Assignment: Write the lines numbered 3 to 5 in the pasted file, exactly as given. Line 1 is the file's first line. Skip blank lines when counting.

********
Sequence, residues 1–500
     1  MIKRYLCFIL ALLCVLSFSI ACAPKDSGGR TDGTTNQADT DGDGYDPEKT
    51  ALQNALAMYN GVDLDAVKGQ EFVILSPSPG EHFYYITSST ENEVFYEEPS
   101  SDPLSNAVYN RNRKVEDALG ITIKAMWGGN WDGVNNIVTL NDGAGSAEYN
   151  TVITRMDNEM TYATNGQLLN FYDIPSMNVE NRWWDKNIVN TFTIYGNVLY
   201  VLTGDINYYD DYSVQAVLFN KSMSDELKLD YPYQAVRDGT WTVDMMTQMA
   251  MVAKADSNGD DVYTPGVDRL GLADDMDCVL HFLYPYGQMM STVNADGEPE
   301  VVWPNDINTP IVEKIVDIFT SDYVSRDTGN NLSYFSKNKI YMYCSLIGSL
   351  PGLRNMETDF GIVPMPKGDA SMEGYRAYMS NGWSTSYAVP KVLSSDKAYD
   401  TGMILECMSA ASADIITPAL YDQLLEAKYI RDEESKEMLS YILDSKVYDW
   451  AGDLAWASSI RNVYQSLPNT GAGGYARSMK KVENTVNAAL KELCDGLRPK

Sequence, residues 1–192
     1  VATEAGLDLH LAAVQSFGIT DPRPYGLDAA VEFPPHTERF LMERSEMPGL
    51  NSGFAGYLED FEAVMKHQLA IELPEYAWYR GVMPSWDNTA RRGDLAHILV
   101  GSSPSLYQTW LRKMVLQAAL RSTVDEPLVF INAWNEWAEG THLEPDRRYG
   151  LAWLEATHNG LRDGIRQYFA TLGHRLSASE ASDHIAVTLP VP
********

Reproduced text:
    51  ALQNALAMYN GVDLDAVKGQ EFVILSPSPG EHFYYITSST ENEVFYEEPS
   101  SDPLSNAVYN RNRKVEDALG ITIKAMWGGN WDGVNNIVTL NDGAGSAEYN
   151  TVITRMDNEM TYATNGQLLN FYDIPSMNVE NRWWDKNIVN TFTIYGNVLY